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Webber, Alonso disappointed by Armstrong revelations

Two of F1's bigger cycling fans have admitted theior disappointment at hearing of multiple Tour de France winner Lance Armstrong's drug-use guilt.
Mark Webber and Fernando Alonso have both spoken of their disappointment at the news that multiple Tour de France champion Lance Armstrong may have been at the centre of a major doping scandal.

The American, who won seven Tours after overcoming a battle with cancer, became a hero and source of inspiration for others, and, amid various claims that he may have been using illegal performance-enhancing drugs, always maintained that he was 'clean' and never tested positive for banned substances during his competition career. Despite that, the rumours remained and, following a detailed investigation by the US Anti-Doping Agency, Armstrong has now been uncovered as the leader of 'the most sophisticated, professionalised and successful doping programme that sport has ever seen'.

The USADA report contains testimony from as many as eleven of the American's former team-mates on the US Postal squad, many of whom implicated themselves by giving evidence against their team leader who, it has emerged, pressured his domestiques to use similarly dan­gerous drugs, and use measures to evade detection, in order to preserve his position as the supposedly the greatest cyclist of all time.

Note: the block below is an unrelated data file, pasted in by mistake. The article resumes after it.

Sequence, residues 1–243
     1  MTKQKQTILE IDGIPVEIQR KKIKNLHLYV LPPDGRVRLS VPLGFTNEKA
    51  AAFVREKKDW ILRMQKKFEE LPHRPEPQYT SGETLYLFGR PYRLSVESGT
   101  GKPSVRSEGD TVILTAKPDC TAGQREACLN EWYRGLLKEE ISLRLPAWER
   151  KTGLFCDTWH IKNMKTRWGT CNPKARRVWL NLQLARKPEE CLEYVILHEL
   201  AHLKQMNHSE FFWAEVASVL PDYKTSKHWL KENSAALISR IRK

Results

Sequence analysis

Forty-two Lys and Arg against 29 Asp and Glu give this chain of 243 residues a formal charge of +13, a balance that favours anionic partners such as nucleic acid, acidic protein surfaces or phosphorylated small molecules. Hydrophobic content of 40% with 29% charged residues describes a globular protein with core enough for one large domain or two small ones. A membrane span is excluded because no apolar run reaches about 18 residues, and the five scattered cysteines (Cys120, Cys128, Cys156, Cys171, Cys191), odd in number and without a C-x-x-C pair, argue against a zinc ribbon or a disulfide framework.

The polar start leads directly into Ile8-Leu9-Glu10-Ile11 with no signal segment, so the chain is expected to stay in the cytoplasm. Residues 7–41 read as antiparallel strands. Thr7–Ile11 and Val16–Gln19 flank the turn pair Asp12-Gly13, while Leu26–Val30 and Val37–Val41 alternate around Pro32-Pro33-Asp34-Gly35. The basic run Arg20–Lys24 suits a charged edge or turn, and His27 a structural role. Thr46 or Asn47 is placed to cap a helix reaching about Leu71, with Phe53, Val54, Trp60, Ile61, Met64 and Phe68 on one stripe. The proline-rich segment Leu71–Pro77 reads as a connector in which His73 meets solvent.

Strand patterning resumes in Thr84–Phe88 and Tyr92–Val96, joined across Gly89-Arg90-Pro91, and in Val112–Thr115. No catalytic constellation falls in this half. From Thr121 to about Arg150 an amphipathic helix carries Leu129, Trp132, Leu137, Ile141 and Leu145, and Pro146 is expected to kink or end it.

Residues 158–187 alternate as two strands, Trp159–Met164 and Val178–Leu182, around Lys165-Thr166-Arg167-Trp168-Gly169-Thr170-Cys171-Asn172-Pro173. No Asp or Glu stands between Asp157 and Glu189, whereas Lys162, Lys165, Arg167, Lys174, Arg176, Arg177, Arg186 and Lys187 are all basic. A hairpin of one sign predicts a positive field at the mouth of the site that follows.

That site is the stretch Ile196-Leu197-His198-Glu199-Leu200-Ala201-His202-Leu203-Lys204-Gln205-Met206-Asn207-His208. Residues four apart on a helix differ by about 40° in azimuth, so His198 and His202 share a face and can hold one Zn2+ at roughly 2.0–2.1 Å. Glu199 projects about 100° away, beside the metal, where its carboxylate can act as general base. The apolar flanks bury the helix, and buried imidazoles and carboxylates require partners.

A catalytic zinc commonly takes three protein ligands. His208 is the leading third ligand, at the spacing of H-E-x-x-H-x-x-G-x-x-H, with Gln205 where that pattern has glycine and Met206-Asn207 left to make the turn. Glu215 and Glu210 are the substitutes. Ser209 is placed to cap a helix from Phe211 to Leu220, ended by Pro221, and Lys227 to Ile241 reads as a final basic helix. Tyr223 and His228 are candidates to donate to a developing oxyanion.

"I love cycling, I love bicycles and, sure, Lance was more than another rider," Alonso admitted, "He was some kind of idol for many people, and an inspiration for many of us and many media people in the world. It's not easy and I think he will remain an inspiration for many people, whatever happened, whatever the result. It's not easy to put together all these things."

Webber, too, was an avid cyclist before the accident that left him with a broken leg in the build-up to the 2009 F1 season, and conceded that those convinced that Armstrong, along with many others at the top of the cycling world, were using illegal methods to boost performance, had finally achieved their aim of bringing him down.

"It's disappointing," he claimed, "I was a keen cyclist fan through the early 2000s but slowly, slowly, slowly, over time, I lost a little bit of passion for the sport. It has been quite obvious, in the last few years, that this was probably going to come, from people on the inside, but the dam wall has now broken and I think that obviously he was the last tree in the forest they wanted to chop down - and a big tree at that.

"It's good that they're trying to clean the sport up and, even retrospectively, it sends a message to lots of different sports that, irrespective of what you've achieved and how you've done it at the time, the karma will come and get you."

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FJ - Unregistered

October 13, 2012 12:32 AM

Yes they should, anyone found to be a dishonest cheat has no place in F1. They should also impose life ban anyone who breaks FIA rules to remove black box equipment from cars in crashes, especially fatal ones.

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